Plays Howlin’ Wolf . w/ Eric Clapton/ Robert Cray/ Jimmie Vaughan – Killing Floor . w/ Kenny Wayne Shepherd – Live . w/ Sean Chambers – Evil . Documentary (1988) . w/ Sunnyland Slim – Come On Home Baby (1964) .
Still Playing the Blues . Happy With My French Friends . I’m Coming Home . Sitting On Top Of The World . Bring Your Love To Me . The Red Rooster . When You’re in Love . Broke and Hungry . Sometimes I’m Right . You Got to Help Me .
@allmusic : The Wolf was Sumlin’s imposing mentor for more than two decades, and it proved a mutually beneficial relationship; Sumlin’s twisting, darting, unpredictable lead guitar constantly energized The Wolf’s 1960s Chess sides, even when the songs themselves (check out Do the Do or Mama’s Baby for conclusive proof) were less than stellar.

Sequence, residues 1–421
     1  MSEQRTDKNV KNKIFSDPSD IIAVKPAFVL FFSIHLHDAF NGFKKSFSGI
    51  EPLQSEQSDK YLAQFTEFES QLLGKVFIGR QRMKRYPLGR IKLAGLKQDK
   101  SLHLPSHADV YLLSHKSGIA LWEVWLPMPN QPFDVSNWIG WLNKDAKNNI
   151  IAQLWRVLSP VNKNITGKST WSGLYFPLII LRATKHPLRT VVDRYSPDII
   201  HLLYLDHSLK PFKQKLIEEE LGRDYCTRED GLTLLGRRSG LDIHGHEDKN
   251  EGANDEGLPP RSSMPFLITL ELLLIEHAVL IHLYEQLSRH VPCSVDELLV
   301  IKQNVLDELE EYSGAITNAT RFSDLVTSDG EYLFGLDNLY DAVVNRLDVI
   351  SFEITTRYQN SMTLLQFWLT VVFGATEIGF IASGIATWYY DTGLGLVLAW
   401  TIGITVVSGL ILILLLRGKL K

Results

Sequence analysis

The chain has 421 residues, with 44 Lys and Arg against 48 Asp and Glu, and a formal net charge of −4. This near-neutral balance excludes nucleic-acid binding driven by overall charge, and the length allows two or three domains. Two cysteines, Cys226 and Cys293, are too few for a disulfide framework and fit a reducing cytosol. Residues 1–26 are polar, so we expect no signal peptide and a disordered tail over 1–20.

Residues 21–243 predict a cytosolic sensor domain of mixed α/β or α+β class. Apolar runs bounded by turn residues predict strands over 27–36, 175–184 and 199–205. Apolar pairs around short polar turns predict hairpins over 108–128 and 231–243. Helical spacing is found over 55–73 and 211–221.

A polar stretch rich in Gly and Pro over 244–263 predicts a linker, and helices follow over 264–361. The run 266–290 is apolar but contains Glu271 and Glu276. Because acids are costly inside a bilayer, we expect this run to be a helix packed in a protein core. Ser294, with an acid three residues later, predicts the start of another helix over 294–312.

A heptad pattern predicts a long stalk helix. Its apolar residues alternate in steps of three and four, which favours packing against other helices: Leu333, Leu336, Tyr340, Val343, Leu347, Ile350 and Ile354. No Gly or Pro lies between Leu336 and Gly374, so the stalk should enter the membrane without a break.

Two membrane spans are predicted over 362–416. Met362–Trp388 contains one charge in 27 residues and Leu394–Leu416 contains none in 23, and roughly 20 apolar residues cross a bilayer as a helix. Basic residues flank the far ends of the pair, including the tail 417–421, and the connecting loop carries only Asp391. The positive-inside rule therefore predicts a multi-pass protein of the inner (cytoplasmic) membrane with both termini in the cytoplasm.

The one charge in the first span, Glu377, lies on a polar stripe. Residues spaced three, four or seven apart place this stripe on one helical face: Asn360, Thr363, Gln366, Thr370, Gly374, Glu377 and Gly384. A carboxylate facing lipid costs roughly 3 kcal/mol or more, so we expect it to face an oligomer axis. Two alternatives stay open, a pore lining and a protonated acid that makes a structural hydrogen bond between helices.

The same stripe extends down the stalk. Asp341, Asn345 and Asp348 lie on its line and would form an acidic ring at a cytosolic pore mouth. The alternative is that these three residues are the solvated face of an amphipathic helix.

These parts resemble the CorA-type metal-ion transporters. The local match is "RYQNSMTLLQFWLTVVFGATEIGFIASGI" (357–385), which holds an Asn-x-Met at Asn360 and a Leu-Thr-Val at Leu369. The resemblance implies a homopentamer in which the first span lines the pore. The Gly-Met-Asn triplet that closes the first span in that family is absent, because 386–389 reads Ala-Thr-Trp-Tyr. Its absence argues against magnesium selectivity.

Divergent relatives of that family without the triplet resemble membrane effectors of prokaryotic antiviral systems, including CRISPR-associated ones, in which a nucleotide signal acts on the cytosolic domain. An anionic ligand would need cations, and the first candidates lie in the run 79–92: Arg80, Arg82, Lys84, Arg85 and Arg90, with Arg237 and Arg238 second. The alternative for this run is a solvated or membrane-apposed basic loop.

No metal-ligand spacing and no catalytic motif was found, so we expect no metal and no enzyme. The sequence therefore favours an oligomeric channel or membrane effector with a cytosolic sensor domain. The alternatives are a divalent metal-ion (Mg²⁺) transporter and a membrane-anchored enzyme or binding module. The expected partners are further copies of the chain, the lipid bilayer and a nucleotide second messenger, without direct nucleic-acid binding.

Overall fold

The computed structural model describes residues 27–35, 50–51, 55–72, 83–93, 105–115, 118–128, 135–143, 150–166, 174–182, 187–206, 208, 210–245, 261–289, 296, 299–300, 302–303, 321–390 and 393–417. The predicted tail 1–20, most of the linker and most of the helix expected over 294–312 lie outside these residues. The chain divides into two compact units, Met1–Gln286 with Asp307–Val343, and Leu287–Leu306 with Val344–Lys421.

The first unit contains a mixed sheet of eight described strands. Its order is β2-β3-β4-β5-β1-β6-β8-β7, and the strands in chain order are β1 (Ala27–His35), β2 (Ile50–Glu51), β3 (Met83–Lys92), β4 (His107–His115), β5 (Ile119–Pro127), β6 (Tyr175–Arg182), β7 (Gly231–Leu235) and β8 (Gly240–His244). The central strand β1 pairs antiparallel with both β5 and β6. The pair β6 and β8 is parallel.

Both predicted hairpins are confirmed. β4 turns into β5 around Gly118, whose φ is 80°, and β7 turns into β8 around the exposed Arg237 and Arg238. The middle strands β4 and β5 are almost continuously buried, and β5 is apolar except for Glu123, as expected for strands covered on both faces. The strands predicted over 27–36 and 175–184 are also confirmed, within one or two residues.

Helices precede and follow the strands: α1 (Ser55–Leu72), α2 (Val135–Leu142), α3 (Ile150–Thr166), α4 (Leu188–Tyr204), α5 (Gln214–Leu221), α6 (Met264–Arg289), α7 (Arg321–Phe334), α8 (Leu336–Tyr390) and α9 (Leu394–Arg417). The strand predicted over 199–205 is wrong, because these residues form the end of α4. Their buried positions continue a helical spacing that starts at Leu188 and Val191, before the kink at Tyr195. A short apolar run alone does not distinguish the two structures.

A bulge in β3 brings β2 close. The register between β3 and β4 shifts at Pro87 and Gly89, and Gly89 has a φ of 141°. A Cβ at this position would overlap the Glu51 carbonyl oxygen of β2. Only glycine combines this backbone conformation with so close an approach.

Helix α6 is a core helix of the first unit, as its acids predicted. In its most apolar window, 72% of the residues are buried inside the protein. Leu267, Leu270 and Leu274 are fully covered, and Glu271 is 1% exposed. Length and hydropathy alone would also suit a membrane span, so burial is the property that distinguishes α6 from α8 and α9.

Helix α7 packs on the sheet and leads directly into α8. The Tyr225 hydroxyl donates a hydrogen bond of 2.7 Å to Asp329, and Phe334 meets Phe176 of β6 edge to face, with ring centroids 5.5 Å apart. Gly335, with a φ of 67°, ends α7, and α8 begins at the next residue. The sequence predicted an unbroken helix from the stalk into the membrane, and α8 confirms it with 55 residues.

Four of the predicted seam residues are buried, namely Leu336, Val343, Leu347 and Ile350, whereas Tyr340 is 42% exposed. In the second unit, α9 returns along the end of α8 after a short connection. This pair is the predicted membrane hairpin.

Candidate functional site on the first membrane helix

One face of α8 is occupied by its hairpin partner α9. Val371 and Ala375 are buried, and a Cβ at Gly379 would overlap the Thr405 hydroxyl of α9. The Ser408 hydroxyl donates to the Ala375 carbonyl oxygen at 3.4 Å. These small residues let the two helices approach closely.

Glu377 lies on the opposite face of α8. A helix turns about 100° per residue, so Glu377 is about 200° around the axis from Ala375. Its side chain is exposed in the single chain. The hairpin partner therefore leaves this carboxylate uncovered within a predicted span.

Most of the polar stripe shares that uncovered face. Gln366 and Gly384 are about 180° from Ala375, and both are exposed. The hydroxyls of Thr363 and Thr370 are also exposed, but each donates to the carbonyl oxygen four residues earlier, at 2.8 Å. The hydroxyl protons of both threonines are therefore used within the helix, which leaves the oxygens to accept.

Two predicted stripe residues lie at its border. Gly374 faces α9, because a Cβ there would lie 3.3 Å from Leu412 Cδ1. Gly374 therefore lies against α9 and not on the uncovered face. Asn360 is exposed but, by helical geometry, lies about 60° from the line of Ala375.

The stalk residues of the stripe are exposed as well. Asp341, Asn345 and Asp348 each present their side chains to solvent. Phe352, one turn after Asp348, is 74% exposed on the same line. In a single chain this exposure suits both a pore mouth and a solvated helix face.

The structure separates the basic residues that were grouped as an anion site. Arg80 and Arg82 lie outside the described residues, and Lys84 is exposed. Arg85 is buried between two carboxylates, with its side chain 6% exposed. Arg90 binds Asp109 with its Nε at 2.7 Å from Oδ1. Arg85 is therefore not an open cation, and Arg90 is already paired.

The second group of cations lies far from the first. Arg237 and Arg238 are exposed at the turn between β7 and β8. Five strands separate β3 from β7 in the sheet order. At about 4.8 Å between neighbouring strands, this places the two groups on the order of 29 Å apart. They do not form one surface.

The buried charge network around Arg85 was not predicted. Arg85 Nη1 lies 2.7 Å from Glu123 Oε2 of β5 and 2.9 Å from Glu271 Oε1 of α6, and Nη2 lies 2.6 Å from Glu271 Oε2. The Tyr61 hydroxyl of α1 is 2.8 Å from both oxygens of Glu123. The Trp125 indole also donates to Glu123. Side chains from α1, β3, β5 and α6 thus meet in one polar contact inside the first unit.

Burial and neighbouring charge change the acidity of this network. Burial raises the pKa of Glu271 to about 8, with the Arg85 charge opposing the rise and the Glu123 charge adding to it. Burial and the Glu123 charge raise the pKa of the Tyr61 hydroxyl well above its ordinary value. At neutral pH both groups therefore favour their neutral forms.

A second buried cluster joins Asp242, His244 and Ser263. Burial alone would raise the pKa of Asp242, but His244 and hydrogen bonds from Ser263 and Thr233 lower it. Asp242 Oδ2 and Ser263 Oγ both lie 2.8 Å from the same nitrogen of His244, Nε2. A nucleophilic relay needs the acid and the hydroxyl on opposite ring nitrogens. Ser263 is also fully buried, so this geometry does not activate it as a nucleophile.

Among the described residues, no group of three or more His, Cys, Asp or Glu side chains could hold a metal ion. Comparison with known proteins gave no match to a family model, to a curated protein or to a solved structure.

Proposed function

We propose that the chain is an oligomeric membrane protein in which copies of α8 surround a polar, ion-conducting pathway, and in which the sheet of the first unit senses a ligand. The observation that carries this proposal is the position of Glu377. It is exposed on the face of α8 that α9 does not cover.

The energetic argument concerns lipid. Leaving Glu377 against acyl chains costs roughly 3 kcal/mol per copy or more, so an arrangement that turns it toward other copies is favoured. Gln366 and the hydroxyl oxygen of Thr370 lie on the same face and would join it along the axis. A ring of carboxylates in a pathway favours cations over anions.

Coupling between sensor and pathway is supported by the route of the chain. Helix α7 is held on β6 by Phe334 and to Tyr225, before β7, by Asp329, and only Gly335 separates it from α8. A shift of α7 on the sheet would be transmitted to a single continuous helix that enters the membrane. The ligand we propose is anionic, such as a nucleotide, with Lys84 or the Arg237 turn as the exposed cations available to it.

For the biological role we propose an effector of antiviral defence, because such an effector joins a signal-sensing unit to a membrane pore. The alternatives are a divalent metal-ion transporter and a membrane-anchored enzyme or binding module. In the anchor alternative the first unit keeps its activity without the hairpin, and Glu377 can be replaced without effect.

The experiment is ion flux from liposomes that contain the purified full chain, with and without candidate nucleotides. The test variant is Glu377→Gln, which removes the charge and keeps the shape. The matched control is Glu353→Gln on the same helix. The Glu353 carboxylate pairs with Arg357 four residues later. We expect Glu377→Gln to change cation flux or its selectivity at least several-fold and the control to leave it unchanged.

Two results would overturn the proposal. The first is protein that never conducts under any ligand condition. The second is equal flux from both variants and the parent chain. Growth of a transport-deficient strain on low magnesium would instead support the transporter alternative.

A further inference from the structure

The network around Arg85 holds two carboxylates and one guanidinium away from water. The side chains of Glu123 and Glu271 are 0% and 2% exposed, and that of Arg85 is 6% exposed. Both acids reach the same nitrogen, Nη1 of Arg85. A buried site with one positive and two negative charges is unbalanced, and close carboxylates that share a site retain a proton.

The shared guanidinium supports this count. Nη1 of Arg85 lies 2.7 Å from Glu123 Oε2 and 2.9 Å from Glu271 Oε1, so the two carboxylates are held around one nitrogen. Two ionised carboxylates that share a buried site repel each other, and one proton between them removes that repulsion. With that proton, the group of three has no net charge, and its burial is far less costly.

@last.fm : As a boy, Sumlin met Howlin’ Wolf (Chester Burnett) by sneaking into a performance. Burnett invited Sumlin to play guitar in his Chicago-based band. Sumlin also briefly played guitar for Muddy Waters. Playing primarily as the lead guitarist in Burnett’s band from the early 1950s until 1980, several years after Burnett’s death, Sumlin has also recorded under his own name. His latest efforts were Doing the Don’t with Elliott Sharp’s Terraplane (2003) on Intuition Records, and About Them Shoes (2005) on Tone Cool Records. Listed in Rolling Stone’s The 100 Greatest Guitarists of All Time, he is cited as a major influence by many artists, including Eric Clapton, Keith Richards, Stevie Ray Vaughan, Jimmy Page, and Elliott Sharp. Hubert taught Stevie Vaughn to play many of his signature tunes while living in Austin, TX in the late 1970’s.